Hydrogen ‘fuel of the future’, know why exactly!

Hydrogen is the first and the lightest element in the periodic table and it exists in the atmosphere in the form of hydrogen gas i.e. H2. Hydrogen reacts with oxygen (O2) in the atmosphere to form water (H2O) releasing energy which allows hydrogen to be used as a fuel. But why is hydrogen being termed the: ‘fuel of the future?

One of the explanations is that it has been proven to be an emission-free renewable fuel which can replace fossil fuels. Hence, it can pave the way for a renewable hydrogen fuel economy. 

Read more here: HYDROGEN: FUEL OF THE FUTURE

Hydrogen energy: a brief

A Hydrogen filling station in Reykjavík, Iceland
A Hydrogen filling station in Reykjavík, Iceland | Courtesy: Wikicommons

Hydrogen acts as an energy carrier and it can be produced and converted to energy in various different ways.

The two current major sources of hydrogen include steam reforms of methane and hydrogen from coal (gasification).

Although, there are other sustainable methods like electrolysis of water and solar hydrogen systems.

Read more here: Hydrogen Fuel Basics

Interestingly, if you’re following the research, and development around Hydrogen as an alternative form of energy then you would know that there are various types of it. And, hydrogen is a colourless gas, at least what we read in school. Colour codes Green hydrogen, blue hydrogen, brown hydrogen etc, are used to differentiate the hydrogen.

So, what is this colour coding based on?

The simple answer is if the production of hydrogen has carbon as a by-product then it is not ‘green hydrogen’. But, green hydrogen is expensive to produce, as mentioned above. Then, you have blue hydrogen a.k.a. ‘low-carbon hydrogen’. Then, grey hydrogen is most commonly produced.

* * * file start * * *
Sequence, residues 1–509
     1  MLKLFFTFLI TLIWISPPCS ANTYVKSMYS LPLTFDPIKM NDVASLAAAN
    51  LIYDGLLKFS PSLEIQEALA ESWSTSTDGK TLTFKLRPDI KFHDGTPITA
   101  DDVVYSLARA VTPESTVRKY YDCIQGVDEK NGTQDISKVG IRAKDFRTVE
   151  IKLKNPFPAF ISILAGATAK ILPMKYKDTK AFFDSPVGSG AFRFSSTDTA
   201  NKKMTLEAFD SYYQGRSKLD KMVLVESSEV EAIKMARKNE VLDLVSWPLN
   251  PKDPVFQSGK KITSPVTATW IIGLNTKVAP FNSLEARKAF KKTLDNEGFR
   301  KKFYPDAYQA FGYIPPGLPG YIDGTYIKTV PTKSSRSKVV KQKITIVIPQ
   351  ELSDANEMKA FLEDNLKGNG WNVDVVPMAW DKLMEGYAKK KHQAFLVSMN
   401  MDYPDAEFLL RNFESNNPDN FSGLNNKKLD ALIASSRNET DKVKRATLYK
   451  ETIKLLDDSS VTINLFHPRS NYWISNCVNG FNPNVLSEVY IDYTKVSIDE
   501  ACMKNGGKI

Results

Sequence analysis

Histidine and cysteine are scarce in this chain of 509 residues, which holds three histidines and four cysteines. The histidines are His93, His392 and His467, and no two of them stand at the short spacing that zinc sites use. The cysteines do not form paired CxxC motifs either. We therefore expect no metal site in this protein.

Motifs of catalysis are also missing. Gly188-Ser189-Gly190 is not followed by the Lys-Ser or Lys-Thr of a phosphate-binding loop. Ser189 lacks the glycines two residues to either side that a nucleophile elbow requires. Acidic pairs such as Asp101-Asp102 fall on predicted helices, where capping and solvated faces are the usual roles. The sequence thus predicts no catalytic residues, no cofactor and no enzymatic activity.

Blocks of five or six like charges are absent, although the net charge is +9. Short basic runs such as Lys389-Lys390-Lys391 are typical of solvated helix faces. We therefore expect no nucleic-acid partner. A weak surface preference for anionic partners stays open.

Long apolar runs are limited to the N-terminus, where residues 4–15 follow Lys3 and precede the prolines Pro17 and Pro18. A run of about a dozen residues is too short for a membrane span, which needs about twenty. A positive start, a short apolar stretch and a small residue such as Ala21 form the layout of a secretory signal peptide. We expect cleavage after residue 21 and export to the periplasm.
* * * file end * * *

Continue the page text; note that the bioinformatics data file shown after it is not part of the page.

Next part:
Read more here: The hydrogen colour spectrum

Hydrogen produced by these methods can be used as a primary fuel in a fuel cell or in an internal combustion engine which is almost similar to that of a gasoline engine.

During the combustion, the hydrogen reacts with oxygen in the atmosphere producing expanding hot gases that move the physical parts of an engine. The only major emission in this process is water vapour. 

Toyota Mirai & Hyundai Nexo - 2 Fuel Cell Powered Cars
Toyota Mirai & Hyundai Nexo – 2 Fuel Cell Powered Cars | Courtesy: Joe A. Kunzler Photo, AvgeekJoe Productions, growlernoise@gmail.com

Conclusion

One of the major sources of air pollution is vehicular emissions which have adverse effects on the environment and human health. These past few decades have seen an alarming rise of CO2, ozone, particulate matter and other hazardous air pollutants. All these emissions contribute to environmental issues such as climate change, air pollution and global warming.

But, that is a known fact yet, nothing seems to change.

There has been a constant lookout for alternatives to fossil fuels, like electric energy, solar energy or biofuels. These renewable energies are being considered because they have fewer emissions compared to fossil fuels.

Read more here: Recent developments in hydrogen fuel cells: Strengths and weaknesses

With automobile companies such as Hyundai launching campaigns such as Hyundai x Bloomberg – H2 Economy 2020. And, Honda to produce a car with hydrogen fuel cells starting in 2024, including the recent successful testing of the world’s first hydrogen jet engine. Also, India too aiming for the production of 25 million tons of hydrogen annually by 2047. The hydrogen fuel cells can prove to be a positive shift towards near zero vehicular emission and a healthier future both in terms of the economy and ecology.

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